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6. Explanation of Consciousness from the Vedanta
In the book "The Road to Reality,"  Sir Roger Penrose tales about three worlds and three deep mysteries connecting these worlds, as shovn in Figure 1. The three worlds he refers to are the physical and the mental woilds, which we are aware of, and the Platonic world. By the Platonic world, hi refers to the existence of an objective external standard not dependent upon sur individual opinions or our particular culture. He thinks that die connection between these worlds is a mystery.Particularly intriguing is the connection between the Platonic anl the physical worlds. The Platonic world seems to have an existence beyond )ur individual minds. The mathematical laws, like theorems of geometry, reside n the Platonic world. These laws, or truths, exist irrespective of whether some nathematician has yet discovered them or not, and irrespective of whether they have been rigorously proved or not. More interestingly, the Platonic world also contains the notions of morality, beauty and truth.
Penrose says that there is powerful (but incomplete) evidence that the entire physical world is governed according to mathematical laws. The movements of planets, the flow of rivers, the falling of a stone, the sailing of a boat, the flying of airplanes, and all the phenomena we see around us are strictly governed by mathematical laws of physics. These laws can be expressed as precise equations.Furthermore, only a small part of the Platonic world is manifest in the physical world. For example, a vast number of mathematical laws remain undiscovered. Mathematicians continue to find and publish new theorems in prestigious journals each year. Still there are many theorems believed to be true but not proved so far. A famous example is the problem of "P NP?" in computer science. The proofs of these theorems exist in the Platonic world, but are not completely revealed to us. Gradually, as mathematicians do more research, some aspects begin to start revealing. Like recently, in 2003, Prof. Manindra Agarwal of IIT Kanpur, with his students, was able to prove "PRIMES is in P," a question that had remained unanswered for decades, or even centuries!
According to Dr. T. D. Singh , Penrose's notion of the Platonic world is similar to the ...the Spiritual world spiritual worldview of the ancient Vedantic fs tne energetic source tradition of India. The second aphorism of 0f the physicai wodd the Vedanta sutra is "Janmadyasya yatah." It | means that the spiritual world is the energetic source of the physical world.
Morality, beauty and truth are in the realms of spirituality according to the Vedanta and other traditional cultures of the world. The spiritual world is much vaster than the physical world, and the notions of morality, beauty and truth, and all other spiritual concepts, exist there in their purest and most sublime forms. All these qualities present in the material world are derivatives of the original qualities in the spiritual world.The interaction between the spiriton and the body, made of inanimate matter, is very mystical.Life is spiritual in nature. Living beings are made of gross matter (the body), subtle matter (the mind and intelligence), and the living particle (life itself). Dr. T. D. Singh gave this living particle the name spiriton. This is the fundamental particle of life. The Sanskrit word for it is atman.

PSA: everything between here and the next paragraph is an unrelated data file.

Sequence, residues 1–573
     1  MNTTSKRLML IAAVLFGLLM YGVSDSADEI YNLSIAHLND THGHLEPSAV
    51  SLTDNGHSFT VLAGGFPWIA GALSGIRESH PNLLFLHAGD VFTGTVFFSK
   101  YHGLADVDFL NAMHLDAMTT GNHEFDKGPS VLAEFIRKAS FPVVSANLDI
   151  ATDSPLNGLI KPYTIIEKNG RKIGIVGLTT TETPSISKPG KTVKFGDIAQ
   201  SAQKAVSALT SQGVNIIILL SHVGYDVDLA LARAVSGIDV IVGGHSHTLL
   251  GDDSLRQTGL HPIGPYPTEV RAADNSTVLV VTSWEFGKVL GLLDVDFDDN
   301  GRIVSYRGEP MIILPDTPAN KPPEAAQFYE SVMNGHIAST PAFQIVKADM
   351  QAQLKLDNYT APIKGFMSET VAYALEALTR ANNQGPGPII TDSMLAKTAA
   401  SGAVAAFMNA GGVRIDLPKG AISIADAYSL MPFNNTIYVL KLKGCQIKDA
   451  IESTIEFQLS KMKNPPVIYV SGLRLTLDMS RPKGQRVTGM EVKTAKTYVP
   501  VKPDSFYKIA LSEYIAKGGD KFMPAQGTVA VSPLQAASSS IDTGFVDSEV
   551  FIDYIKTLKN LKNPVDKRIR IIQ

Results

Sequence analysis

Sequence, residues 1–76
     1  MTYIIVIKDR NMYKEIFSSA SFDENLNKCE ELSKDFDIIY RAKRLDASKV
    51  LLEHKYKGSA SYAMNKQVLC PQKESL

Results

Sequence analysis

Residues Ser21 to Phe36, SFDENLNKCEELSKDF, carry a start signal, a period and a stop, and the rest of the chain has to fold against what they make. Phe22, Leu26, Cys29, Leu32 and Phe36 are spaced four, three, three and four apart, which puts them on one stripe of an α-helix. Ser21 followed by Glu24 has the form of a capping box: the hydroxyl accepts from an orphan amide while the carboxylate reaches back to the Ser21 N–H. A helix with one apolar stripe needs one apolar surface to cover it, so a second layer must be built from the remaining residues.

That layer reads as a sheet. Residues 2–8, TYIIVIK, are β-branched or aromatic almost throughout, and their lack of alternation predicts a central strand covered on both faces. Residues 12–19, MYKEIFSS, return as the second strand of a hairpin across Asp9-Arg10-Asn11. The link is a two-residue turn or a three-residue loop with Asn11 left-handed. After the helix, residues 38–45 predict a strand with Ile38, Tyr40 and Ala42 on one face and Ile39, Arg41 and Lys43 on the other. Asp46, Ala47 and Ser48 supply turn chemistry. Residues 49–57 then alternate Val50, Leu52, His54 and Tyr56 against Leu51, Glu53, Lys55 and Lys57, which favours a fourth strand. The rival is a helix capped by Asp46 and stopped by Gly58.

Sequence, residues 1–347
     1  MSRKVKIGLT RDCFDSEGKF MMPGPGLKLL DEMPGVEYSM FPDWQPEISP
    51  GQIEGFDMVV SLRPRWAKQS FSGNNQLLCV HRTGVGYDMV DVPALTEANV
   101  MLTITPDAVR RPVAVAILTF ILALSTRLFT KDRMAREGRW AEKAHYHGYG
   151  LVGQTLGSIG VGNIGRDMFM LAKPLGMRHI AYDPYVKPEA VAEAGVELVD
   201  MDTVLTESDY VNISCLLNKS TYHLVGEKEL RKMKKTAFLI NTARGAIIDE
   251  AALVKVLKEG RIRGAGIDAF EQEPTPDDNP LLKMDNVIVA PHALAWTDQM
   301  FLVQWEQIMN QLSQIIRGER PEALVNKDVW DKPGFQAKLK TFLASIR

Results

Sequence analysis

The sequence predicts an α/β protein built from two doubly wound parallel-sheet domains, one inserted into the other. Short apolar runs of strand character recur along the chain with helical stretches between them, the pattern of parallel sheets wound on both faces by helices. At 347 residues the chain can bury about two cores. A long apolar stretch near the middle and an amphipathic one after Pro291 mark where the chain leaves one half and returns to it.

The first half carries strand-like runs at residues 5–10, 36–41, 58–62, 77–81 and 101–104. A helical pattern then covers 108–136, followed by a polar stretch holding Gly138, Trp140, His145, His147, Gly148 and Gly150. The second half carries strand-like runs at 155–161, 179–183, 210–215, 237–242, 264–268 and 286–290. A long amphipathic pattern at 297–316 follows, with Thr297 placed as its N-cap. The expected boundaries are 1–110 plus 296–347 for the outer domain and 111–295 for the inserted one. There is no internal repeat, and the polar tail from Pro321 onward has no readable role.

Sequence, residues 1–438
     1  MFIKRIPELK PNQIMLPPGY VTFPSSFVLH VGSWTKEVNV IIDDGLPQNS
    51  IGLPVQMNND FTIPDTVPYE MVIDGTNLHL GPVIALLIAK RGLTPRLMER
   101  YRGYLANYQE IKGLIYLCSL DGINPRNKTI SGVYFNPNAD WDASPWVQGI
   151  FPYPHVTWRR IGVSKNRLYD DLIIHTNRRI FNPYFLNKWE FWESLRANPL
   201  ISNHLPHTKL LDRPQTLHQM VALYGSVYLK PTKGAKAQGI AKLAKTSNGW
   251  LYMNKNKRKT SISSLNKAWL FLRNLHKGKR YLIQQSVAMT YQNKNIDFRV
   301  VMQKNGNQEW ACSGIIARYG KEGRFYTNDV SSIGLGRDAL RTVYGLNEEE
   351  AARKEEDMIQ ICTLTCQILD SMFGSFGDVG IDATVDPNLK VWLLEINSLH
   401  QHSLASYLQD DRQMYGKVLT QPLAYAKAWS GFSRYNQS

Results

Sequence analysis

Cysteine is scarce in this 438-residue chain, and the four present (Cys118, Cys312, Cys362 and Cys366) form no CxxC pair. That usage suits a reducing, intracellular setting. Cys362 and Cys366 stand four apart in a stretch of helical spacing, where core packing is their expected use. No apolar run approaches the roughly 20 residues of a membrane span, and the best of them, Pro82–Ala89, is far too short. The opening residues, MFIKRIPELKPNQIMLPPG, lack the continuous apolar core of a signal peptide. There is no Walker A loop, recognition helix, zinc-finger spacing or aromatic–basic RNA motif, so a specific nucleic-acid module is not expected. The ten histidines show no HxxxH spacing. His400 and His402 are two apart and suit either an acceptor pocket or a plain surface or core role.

Gross matter is inanimate and meaningless by itself. It becomes meaningful only by the presence of the life particle, spiriton or atman. The interaction between the spiriton and the body, made of inanimate matter, is very mystical. In the Vedanta, this notion of mystery is called acintya. It means, literally, 'that which cannot be thought of,' something very mysterious, inconceivable and beyond our ability to comprehend or think.Intelligence and consciousness also arise from the presence of the spiriton. These are the properties of life, just as heat and light are the properties of fire. We can identify life by the presence of intelligence and consciousness. The ontological relationship between intelligence and life is summarized in the following verse from the Katha Upanishad:
atmanam rathinam viddhi sariram ratham eva ca
buddhim tu sarathim viddhi manah pragraham eva ca
indriyani hayan ahur visayams tesu gocaran
atmendriya-mano-yuktam bhoktety ahur manisinah
"The individual is the passenger in the car of the material body, and intelligence is the driver. Mind is the driving instrument, and the senses are the horses. The self is thus the enjoyer or sufferer in the association of the mind and senses. So it is understood by great thinkers."
According to Vedanta, human activities are carried out by the will of the conscious life particle, which is then translated through the intelligence and mind to the human body. For further information on the study of life in Vedanta, we refer our readers to the Bhagavad-gita  and Srimad-bhagavatam .We feel that scientific research could benefit from this Vedantic model of intelligence. Current scientific process looks at intelligence and consciousness as an emergent property of matter. But this approach has not been able to make much headway so far. We propose to look at intelligence and consciousness as being derived properties of life itself. Life, on the other hand, is considered spiritual in nature, and cannot be manufactured by any complex combination of matter. Taking this approach for the study of consciousness, intelligence and thinking might prove beneficial and a more productive direction for future research.